Teratogenicity, Embryotoxicity and/or Fetotoxicity:
No animal studies have assessed the potential developmental effects of ozone in the absence of maternal toxicity. One study reported that offspring of rats continuously exposed to 1.0 or 1.5 ppm for 4 days during middle or late pregnancy had reduced growth rates after birth and delayed behavioral development, when exposed during the late exposure period only. Maternal toxicity was not reported.(15) Fetal body weight gain was reduced in the offspring of mice exposed to 1.2 ppm, but not 0.4 or 0.8 ppm, on days 7-17 of pregnancy. Signs of maternal toxicity were observed.(16) Embryotoxicity (increased resorptions) was observed in rats exposed to 1.5 and 2.0 ppm ozone, but not 0.64-1.26 ppm. Maternal toxicity was not reported.(17) Continuous exposure of mice from 6 days prior to mating to postnatal day 22 resulted in reduced body weight and slight effects in neurobehaviour development of the offspring. Maternal toxicity was not evaluated.(23)

Reproductive Toxicity:
No effects on reproductive performance (proportion of successful pregnancies, litter size, offspring viability and sex ratio) were noted in mice exposed for 6 days prior to mating to postnatal day 22.(23)

Studies of mutagenicity in animals following inhalation exposure have produced conflicting results. However, small differences in ozone concentration, exposure duration and air flow may have been sufficient to produce these conflicting results. Positive results (cytogenetic aberrations) were observed in the lymphocytes of hamsters exposed to 0.24-0.43 ppm for 5 hours and in the lung macrophages of female rats exposed to 0.12-0.8 ppm for 6 hours. Cytogenetic aberrations were not observed in the lymphocytes of mice, the bone marrow cells of hamsters or male rats, or the spermatocytes of male mice.(18,22)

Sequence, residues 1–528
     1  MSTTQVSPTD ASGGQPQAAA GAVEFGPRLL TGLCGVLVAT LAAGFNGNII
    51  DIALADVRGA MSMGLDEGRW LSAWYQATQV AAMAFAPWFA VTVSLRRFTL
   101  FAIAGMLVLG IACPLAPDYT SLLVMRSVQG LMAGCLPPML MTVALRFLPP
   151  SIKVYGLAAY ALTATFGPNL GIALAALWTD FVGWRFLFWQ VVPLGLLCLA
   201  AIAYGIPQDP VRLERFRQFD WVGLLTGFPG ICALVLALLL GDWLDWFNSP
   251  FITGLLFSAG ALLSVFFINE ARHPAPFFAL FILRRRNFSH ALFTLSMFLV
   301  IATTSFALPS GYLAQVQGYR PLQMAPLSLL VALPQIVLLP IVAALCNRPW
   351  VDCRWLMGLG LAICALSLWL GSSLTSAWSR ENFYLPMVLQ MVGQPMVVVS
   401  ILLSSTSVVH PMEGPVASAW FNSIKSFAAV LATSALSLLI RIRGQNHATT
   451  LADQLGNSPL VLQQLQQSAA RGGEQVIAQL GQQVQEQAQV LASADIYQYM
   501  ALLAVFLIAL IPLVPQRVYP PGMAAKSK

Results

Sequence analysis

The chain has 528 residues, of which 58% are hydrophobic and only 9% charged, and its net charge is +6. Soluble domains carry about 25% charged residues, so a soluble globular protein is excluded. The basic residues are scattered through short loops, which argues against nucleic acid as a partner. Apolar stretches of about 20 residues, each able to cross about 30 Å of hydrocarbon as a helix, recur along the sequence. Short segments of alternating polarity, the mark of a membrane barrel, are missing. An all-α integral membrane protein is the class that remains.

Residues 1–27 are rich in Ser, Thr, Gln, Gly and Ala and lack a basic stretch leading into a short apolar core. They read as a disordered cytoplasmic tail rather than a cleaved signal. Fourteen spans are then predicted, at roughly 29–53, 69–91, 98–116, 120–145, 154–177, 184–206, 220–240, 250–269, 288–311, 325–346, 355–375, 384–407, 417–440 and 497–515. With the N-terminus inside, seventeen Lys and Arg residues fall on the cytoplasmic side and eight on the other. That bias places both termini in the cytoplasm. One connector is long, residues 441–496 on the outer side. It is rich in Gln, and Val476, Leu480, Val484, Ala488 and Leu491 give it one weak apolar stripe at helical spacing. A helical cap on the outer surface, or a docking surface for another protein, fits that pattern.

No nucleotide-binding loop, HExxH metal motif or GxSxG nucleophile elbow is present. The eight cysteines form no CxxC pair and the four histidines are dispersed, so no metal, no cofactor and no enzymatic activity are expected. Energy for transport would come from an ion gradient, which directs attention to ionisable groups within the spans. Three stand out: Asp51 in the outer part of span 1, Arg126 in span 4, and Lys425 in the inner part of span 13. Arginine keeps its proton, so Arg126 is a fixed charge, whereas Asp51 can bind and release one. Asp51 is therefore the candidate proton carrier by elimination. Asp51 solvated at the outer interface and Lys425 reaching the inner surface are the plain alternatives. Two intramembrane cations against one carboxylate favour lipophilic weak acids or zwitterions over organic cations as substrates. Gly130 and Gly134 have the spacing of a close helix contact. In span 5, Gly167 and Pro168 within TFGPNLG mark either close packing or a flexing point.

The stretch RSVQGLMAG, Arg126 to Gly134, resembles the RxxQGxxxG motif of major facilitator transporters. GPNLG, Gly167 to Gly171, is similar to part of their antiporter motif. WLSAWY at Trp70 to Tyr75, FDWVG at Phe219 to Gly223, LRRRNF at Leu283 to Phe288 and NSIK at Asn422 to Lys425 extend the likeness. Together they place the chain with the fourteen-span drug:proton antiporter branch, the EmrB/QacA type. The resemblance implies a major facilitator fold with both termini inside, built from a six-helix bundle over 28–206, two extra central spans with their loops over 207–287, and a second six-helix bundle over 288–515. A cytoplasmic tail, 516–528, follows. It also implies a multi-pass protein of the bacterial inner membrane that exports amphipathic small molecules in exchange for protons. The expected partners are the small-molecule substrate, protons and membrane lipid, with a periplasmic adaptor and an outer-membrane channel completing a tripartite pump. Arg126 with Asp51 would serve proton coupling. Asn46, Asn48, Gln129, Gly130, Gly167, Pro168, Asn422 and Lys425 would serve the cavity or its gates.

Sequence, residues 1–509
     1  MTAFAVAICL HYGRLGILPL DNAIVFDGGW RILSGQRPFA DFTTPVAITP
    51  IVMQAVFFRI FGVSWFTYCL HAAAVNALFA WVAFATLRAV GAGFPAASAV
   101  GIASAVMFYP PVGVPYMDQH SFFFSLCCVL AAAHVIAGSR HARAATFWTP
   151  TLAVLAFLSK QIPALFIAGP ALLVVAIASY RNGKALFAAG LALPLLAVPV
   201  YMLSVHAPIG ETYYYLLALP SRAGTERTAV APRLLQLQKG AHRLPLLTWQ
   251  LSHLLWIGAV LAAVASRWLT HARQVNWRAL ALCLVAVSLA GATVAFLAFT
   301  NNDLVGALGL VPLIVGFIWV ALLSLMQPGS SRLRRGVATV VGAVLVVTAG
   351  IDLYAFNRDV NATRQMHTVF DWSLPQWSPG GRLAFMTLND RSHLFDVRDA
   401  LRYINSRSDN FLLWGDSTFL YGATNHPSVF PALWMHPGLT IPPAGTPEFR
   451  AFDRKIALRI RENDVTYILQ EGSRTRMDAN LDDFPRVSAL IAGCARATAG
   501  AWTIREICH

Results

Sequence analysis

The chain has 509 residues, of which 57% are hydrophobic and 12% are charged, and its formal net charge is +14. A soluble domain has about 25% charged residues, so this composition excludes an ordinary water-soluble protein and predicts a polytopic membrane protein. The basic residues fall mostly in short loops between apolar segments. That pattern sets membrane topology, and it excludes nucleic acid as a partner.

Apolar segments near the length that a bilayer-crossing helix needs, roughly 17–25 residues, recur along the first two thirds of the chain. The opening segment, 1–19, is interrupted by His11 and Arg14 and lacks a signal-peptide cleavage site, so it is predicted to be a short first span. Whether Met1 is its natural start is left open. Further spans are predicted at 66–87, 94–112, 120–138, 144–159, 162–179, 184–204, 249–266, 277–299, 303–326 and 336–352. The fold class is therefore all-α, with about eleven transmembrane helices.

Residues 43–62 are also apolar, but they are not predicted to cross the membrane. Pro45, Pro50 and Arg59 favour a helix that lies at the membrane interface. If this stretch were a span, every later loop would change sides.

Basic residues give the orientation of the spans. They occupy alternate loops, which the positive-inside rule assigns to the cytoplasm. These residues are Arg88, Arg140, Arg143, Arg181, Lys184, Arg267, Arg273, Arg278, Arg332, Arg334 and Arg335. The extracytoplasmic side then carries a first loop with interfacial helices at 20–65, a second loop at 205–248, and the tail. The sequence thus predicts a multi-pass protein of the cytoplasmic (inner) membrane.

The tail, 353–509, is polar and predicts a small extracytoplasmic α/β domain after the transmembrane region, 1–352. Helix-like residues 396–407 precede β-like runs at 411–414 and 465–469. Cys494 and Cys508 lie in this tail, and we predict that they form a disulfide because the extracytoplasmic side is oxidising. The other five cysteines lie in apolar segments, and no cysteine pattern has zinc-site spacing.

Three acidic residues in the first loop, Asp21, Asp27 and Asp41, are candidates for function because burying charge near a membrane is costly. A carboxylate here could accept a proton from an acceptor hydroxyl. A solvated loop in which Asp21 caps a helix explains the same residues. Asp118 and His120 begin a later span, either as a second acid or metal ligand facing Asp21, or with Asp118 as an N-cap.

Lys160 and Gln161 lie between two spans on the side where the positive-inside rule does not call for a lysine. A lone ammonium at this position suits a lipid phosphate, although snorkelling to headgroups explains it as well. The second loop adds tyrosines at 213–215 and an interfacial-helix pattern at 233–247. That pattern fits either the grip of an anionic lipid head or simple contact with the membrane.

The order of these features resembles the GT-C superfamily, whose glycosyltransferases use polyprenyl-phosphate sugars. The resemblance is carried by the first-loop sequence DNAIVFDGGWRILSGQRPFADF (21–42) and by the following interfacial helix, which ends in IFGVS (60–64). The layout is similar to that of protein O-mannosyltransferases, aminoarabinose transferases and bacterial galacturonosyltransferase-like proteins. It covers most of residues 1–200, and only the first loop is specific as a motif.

Several studies have shown that ozone is mutagenic in bacteria and in mammalian and human cells in vitro.(18,22)


Selected Bibliography:
(1) Hughes, D. The Toxicity of Ozone. Occupational hygiene monograph, no. 3. Science Reviews Ltd., 1979.
(2) Melton, C.E. Effects of long-term exposure to low levels of ozone: a review. Aviation, Space and Environmental Medicine. Vol. 53, no. 2 (February, 1982). p. 105-111
(3) Grant, M. W., et al. Toxicology of the eye. 4th edition. Charles C. Thomas, 1993. p. 1097-1098
(4) Lipman, M. Ozone. In: Environmental and occupational disease. 2nd edition. Edited by W.N. Rom. Little, Brown and Company, 1992. p. 489-501
(5) Dutch expert committee for occupational standards. Health-based recommended occupational exposure limit for ozone. RA 4/92. Ministry of Social Affairs and Labour Employment, Labour Inspectorate, September, 1992.
(6) Lipsett, M. Ozone. In: Hazardous materials toxicology: clinical principles of environmental health. Edited by J.B. Sullivan, et al. Williams and Wilkins, 1992. p. 958-963
(7) Lipsett, M.J., et al. Inorganic compounds of carbon, nitrogen, and oxygen: ozone. In: Patty's industrial hygiene and toxicology. 4th edition. Volume II. Toxicology. Part F. Edited by G.D. Clayton, et al. John Wiley and Sons, 1991. p. 4621-4643
(8) Menzel, D.B. Ozone: An overview of its toxicity in man and animals. Journal of Toxicology and Environmental Health. Vol. 13 (1984). p. 183-204
(9) Folinsbee, L.J. Effects of ozone exposure on lung function in man: a review. Reviews on Environmental Health. Vol. 111, no. 3 (1981). p. 211-240
(10) Gunnison, A.F., et al. Enhanced inflammatory response to acute ozone exposure in rats during pregnancy and lactation. Fundamental and Applied Toxicology. Vol. 19, no. 4 (November, 1992). p. 607-612
(11) Stockinger, H.E., et al. Ozone toxicity studies. III. Chronic injury to lungs of animals following exposure at a low level. American Medical Association Archives of Industrial Health. Vol. 16 (1957). p. 514-522